In his exploration of English spirituality, Thornton is not shy about applauding the tradition. He really does say that “sometimes [our Lord] is very English.” (37) (It does make me gurgle just a bit, thinking of a 19th-century Jesus with, oh, say a monocle and a pipe and an Eton collar. Or maybe, since he was working class, a bowler hat, a worn frockcoat, and fingerless gloves.)
Thornton’s appreciation for the English tradition is an honest one. He recognizes as well that it’s messy: “The Church of England presents a complex pattern; it contains laity of greater devotion, discipline, and integrity than any other communion or denomination, and at the other end of the scale it allows a laxity which no other society would tolerate for a moment.” (8) (We can barely tolerate ourselves sometimes.)
Thornton then devotes a chapter to exploring the biblical origins of English spirituality, eager to make clear that whatever traditions developed in the Anglican context were rooted in scripture, not concocted out of a wild Celtic imagination. “Anglicanism is rooted in the Bible, and any attempt to recreate English spirituality must take the 6th Article seriously: it should not insist on ‘whatsoever is not read therein, nor may be proved thereby.’” (33)
[So, an aside on the Articles. You’ll find them cited there at the end of the Book of Common Prayer or here. The Thirty-Nine Articles of Religion. Frankly, many contemporary American Episcopalians snigger when they’re mentioned: “as though anyone really takes them seriously” is the general attitude. I still remember the first time I heard a priest using that tone when speaking of them. Nevertheless, there they are, and Article VI says this: “Of the Sufficiency of the Holy Scriptures for Salvation. Holy Scripture containeth all things necessary to salvation: so that whatsoever is not read therein, nor may be proved thereby, is not to be required of any man, that it should be believed as an article of the Faith, or be thought requisite or necessary to salvation. In the name of the Holy Scripture we do understand those canonical Books of the Old and New Testament, of whose authority was never any doubt in the Church.”]
In referencing the 6th Article, Thornton is insisting that the rest of his reflections on Anglican spirituality are biblical, and of course, if he’s correct, then whatever your perspective on English spirituality, or English history in general, or Anglicanism, there might be something here for you to take home with you.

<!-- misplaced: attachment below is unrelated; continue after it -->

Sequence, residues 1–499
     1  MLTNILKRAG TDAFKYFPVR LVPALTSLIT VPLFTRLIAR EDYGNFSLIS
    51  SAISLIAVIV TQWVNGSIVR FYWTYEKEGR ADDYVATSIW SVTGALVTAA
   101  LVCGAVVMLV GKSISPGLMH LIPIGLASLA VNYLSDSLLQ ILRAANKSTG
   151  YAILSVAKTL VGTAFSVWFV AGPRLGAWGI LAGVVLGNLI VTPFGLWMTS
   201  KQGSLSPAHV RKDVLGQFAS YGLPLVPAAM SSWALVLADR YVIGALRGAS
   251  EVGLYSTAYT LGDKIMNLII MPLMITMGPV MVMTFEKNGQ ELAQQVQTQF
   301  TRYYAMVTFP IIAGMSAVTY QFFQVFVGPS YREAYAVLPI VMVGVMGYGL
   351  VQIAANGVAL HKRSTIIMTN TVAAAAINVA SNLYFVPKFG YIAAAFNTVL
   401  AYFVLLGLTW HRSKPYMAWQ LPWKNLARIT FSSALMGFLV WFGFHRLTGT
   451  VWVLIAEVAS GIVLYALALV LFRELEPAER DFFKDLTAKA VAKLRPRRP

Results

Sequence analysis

One of the first things he insists on is the biblical source for The Three Ways. Many refer to these as the Mystic Way, but Thornton insists that this is the way of spiritual life and growth, not just for mystics but for all God’s people. In the language of mysticism, they are known as the Way of Purgation, the Way of Illumination, and the Way of Union.
The soul enters the spiritual life through purgation: mortification of the passions of the flesh. Sounds daunting and super medieval-monastic, but it’s very basic, and genuinely as vital to the life of the “new creation” as any gardening protocol is to drawing life out of the ground. Purgation simply means that we come into the light so that it may be clearly seen that our deeds have been done in God (Jn 3.21). “First of all, it gets free from sin by penance and mortification…” (17). Unless we genuinely repent and work toward amending our lives (“unless a grain of wheat falls into the earth and dies, it remains just a single grain; but if it dies, it bears much fruit,” Jn 12.24), the process of transformation is short-circuited at the beginning.
The soul reaches unity with God: not fusion or loss of identity, but the fullness of harmony with God, the joyful adoration of God, and the complete agreement with God. The perfect experience of this unity cannot be attained in this life, but it is there, sometimes nearer, sometimes farther, always beckoning.
According to Thornton, these Three Ways correspond to the three commonalities of English Christian spirituality and general Christian spirituality. English spirituality is elementary, progressive, and perfecting. Even more interesting is Thornton’s argument that these Three Ways are in fact the Ways we see humanity historically experiencing growth in the love and knowledge of God. “At least up to the Exile, Israel is shown in the purgative state, during which sin-repentance-struggle-sin is the typical pattern. The Prophets, by definition, are illumined, and the Incarnation consummates the union between God and man.” (34)
He believes this pattern is repeated in individual experience: from an early understanding of the need to seek God’s will and of the call to repentance when disobedience rears its ugly head; to a more mature recognition of God’s claims on life—claims that transcend (not replace) moral codes—and the rhythms that sustain those claims; until we find ourselves more and more lost in wonder, love, and praise.
And yet, all of this is anecdotal, never formulaic. Each of us makes our own pilgrimage, and no one else can absolutely prescribe the steps another can or must take to make progress. “Discipline and mortification are ever subservient to prayer; circumstances and needs dictate practice.” (37)
Thornton then launches into a brief exploration of the Sermon on the Mount as an “experiment” in spiritual formation. He makes some curious, and compelling, comments that challenge the whole ethical approach to the sermon. We’ll look at them next.
Image: Glastonbury Abbey Lady Chapel, public domain